It must also be noted that transliterations in the Norbu System are imperfect because of lack of the font with the required diacritic signs. As to the terminology used, where it differs from that of the official translation of the texts, my changes are responding to and trying to prevent the misinterpretations I have observed over the years in many students and should not be taken to imply a disagreement with Chögyal Namkhai Norbu concerning the essential meanings of Buddhism, Dzogchen and SMS. Finally, and most important, as to the authority of its conceptual contents, the reader must keep in mind that, although this provisional text was presented to Chögyal Namkhai Norbu and the Master authorized its diffusion among those who attend the author’s SMS Courses and its sale in Tashigar North, Rinpoche is very busy and has not offered me an evaluation of its contents—which at any rate would only be feasible after I duly revise the text. Therefore, so far it should not be regarded as being any more authoritative than the recording of the oral teachings given by any of the certified SMS Instructors in a SMS Course, for which as a rule the Master does not make himself responsible. Elias Capriles Tashigar North, January 2, 2010 4


p. 5

Preamble: What is Buddhism: The Basic Teaching of the Four Noble Truths The first teaching of the Buddha was that of the Four Noble Truths, which this SMS Instructor deems most important as an introduction to any exposition of Buddhist teachings insofar as it shows what is the problem to which Buddhism responds, what does Buddhism view as the source of the problem, what does Buddhism view as the solution to the problem, and what is the way to achieve that solution. To speak of a Path, or of different types of Paths, before having at least a basic understanding of the basic principles expressed as the Four Noble Truths, would simply make no sense to most people. The Precious Vase does not expound the teaching in question because it presupposes the student to already have a basic knowledge of the basic principles of Buddhism; however, insofar as this commentary is aimed at making the contents of The Precious Vase crystal clear, I have deemed it necessary for it to begin with a brief explanation of the basic principles of Buddhism in terms of the Four Noble Truths. The original form of the Four Noble Truths is reputed to have been the following (the words that are not placed between parentheses are in Sanskrit): (1) Human life is characterized by duhkha (Pali, duhkha; Tib., sdug bsngal): dissatisfaction and suffering. (2) The cause of dissatisfaction and suffering is trishna (Pali, tanha; Tib., sred pa): a basic craving, which is called kama-trishna in the case of craving for pleasure, bhava-trishna or thirst-for-existence in the case of the more basic compulsion to assert, confirm and maintain oneself as an inherently existent, important, separate individual, and to fill the concomitant sensation of lack, or vibhava-trishna when this thirst or craving turns toward self-annihilation in nirvana. (3) If the causes of dissatisfaction and suffering are uprooted, these come to an end in nirvana (Pali, nibbana; Tib., mya ngan las ’das pa): cessation of the essential craving that is trishna, and of the dissatisfaction and suffering that issue from that craving.1 (4) There is a way leading to this end, which is marga (Pali, magga; Tib., lam): the Path for putting an end to our basic craving, and therefore to dissatisfaction and suffering, in the attainment of cessation or nirvana. The teachings Shakyamuni gave during the period in which he transmitted the Four Noble Truths constitute the first dharmachakra or “Promulgation of a cycle of teachings,”2 which is the canonical source of all of the schools that the Mahayana refers to as Hinayana or “Narrow Vehicle,” including the Theravada3 (“which adheres to the ancient”), which is the only school of this vehicle still existing independently, and which prevails in wide regions of Southeast Asia (including most of Myanmar and Thailand, Laos and Kampuchea, and part of Vietnam) and in most of Sri Lanka. In Tibet and its ambit of cultural influence, the doctrines of two other Hinayana schools (the Vaibhashika and Sautrantika) have been taught until our days as part of the curricula of Buddhist philosophy in Tibetan Buddhist schools that do not adhere to the Hinayana, but these two schools no longer exist in an independent manner. (For a brief review of the latter, the reader is referred to my book The Four Philosophical Schools of the Sutrayana Traditionally Taught in Tibet: With Reference to the Dzogchen Teachings.a) The two following dharmachakras or Promulgations transmitted the teachings of the Mahayana: the second, those of the Prajñaparamita, source of the Madhyamaka philosophical school, which rather than being concerned with metaphysical questions such as whether or not there is a reality external to mind, is concerned with leading people beyond grasping at the contents of thought and taking them to be the sensa they interpret (in the case of subtle / intuitive thoughts) or to the absolutely true or false with regard to what they interpret (in the case of coarse / discursive thoughts); the third, those a This book, still in provisional form and requiring much work, is available in the Internet at the URL http://www.webdelprofesor.ula.ve/humanidades/elicap/. When completed it will be sent to publishers in the USA. 5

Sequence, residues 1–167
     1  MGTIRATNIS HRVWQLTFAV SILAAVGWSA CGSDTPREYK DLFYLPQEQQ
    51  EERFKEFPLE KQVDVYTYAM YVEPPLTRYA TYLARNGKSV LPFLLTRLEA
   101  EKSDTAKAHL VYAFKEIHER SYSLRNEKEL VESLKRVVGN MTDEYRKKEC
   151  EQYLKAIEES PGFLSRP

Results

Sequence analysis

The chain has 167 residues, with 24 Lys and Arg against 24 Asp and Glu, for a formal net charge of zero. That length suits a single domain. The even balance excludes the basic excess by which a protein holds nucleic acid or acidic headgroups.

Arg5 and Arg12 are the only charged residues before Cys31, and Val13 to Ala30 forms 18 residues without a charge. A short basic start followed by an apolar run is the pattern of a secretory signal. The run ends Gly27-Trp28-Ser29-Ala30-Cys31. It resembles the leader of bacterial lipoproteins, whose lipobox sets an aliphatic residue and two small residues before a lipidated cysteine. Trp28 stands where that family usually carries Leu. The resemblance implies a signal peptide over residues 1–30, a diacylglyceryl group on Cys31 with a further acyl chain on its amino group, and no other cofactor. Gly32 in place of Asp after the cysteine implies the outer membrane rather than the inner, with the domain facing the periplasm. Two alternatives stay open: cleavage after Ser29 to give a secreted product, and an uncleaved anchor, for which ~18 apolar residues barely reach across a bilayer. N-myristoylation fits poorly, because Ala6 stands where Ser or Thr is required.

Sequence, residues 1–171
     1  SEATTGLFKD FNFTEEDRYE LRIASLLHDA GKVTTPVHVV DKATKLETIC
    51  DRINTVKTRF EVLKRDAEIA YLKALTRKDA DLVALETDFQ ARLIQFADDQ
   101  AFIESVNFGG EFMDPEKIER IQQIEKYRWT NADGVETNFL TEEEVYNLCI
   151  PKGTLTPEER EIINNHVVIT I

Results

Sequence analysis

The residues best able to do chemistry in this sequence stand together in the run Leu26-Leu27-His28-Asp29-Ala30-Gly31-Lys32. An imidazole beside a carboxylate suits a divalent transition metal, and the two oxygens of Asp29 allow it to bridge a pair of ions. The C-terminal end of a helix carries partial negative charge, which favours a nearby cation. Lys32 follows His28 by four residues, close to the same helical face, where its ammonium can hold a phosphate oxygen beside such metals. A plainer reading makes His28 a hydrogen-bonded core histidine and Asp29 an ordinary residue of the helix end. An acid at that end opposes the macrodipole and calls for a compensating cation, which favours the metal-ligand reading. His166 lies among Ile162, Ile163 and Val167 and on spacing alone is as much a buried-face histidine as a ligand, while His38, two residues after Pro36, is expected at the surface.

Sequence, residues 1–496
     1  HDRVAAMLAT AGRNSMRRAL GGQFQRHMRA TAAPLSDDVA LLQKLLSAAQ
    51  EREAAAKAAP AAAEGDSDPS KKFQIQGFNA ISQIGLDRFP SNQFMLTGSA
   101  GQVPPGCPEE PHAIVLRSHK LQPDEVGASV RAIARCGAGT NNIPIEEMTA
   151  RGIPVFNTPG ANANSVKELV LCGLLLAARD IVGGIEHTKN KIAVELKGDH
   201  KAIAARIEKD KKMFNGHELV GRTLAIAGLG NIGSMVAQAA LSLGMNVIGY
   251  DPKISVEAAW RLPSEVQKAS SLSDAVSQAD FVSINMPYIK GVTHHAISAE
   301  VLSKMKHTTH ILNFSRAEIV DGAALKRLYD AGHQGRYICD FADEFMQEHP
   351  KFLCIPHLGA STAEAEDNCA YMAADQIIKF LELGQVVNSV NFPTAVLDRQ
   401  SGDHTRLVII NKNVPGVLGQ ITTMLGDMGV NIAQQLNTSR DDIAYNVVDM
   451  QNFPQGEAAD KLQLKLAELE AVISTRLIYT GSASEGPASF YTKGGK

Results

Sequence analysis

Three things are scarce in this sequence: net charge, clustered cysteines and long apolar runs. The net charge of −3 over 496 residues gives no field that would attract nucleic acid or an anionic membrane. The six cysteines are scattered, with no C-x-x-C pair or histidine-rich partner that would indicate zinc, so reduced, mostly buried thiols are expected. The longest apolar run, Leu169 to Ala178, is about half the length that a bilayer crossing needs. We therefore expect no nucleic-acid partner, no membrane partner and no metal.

p. 6